“I think first and foremost is the mental health aspect of it,” Jensby said. “I know there’s a lot of talk of lack of empathy in our society. I don’t know the exact cause but I know mental illness is first and foremost.”

A key part of the guardian program is keeping “guardians” anonymous for the safety of the students and the teachers.

“Conceal carry would be my preferred choice and that it would be 100% anonymous,” Jensby said. “Nobody would know, not even principals or other teachers as they could become a target.”

Even with certain protocol and training for “guardians,” Walston simply can’t image Maize South where at any time, a firearm could be within 20 feet of you.

“It’s so scary to think of a building where we’re asking students to come in and feel safe, and to have it be a building where guns are in teacher’s classrooms whether they know it or not.”

However, the adaptable and flexible character among the teen mind would make a guardian program of our own no issue, as guns in the classroom similar to the SRO would become routine.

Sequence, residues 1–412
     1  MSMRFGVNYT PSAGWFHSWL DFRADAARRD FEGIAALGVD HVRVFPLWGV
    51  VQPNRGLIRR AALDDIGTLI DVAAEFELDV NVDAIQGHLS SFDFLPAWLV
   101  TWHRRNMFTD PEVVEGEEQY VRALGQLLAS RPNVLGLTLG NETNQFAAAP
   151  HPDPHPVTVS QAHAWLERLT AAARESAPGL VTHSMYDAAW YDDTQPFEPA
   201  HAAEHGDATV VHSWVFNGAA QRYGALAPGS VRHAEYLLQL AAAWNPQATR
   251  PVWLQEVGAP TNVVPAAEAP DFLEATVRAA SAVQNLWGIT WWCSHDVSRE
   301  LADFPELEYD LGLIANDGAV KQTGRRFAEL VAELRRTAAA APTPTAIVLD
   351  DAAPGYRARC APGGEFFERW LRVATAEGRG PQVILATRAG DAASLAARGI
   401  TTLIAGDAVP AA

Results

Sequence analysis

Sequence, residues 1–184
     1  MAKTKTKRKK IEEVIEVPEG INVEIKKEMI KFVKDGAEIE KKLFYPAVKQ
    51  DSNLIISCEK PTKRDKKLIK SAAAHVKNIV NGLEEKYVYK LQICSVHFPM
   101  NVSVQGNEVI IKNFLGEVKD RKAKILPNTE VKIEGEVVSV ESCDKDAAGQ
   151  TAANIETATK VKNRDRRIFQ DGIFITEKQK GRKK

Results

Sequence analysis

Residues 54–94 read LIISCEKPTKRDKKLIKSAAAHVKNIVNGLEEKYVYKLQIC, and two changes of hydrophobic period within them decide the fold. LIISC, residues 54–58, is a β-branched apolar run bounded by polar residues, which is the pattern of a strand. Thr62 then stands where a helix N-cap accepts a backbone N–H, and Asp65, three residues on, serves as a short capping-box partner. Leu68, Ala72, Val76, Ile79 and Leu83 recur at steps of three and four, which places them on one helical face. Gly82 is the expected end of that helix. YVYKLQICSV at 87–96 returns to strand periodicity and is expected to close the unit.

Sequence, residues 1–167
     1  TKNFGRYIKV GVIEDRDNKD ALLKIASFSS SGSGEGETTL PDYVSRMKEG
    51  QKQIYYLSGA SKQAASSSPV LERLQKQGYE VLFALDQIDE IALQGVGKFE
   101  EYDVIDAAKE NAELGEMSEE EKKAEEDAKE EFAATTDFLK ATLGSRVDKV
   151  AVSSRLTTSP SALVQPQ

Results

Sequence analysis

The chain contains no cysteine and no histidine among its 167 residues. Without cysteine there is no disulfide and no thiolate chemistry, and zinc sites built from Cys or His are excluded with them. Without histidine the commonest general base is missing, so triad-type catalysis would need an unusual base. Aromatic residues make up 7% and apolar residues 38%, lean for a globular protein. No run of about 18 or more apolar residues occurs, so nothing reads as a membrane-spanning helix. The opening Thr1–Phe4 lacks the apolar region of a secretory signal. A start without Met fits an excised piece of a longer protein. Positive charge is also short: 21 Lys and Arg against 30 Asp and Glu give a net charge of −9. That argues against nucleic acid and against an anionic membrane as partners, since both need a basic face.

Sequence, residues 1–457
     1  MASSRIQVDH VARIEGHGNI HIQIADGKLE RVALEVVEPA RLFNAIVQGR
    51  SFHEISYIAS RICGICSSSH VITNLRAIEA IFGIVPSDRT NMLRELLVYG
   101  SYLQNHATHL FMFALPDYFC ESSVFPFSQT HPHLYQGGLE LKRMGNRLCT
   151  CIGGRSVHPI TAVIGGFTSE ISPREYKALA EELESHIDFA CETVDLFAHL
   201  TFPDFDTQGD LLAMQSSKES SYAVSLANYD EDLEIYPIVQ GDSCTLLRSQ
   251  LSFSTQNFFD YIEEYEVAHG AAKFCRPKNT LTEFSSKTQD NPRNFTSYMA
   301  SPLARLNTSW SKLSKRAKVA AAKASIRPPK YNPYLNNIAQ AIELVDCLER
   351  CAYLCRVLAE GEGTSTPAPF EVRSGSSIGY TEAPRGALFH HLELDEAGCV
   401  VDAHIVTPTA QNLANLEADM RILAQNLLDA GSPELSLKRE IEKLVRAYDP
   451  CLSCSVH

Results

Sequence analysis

“Kids get used to things. Metal detectors, drills, kids get used to these things, and it becomes part of them,” Kerr said.  “Kids would get used to people carrying guns. Guns aren’t going to traumatize somebody. Guns aren’t going to shoot somebody by themselves. People that are around guns aren’t afraid of guns.”

Since this implementation, Florida has had no incidents and this kind of behavior is more than likely discourages with less “soft targets.” And not only deterring intruders, but mitigating potential harm.

“If they know they are being watched or there is the possibility that they could encounter somebody that is armed that would stop them, I think it is a great deterrent,” Jensby said. “It’s just like lights on your house at night.”

“It certainly wouldn’t encourage it, so even if would help a little bit to deter,” Kerr said. “To me, this isn’t a deterrence issue, this is mitigating the damage issue.”

Whether to deter a threat or mitigate potential damage, there is no better safeguard than an armed and trained teacher who is ready to defend their students.

“If there is a shooter and they are about to come in your door, and you’re a student sitting in one of those desks, would you want your teacher to have a gun? Or not have a gun?” Kerr said.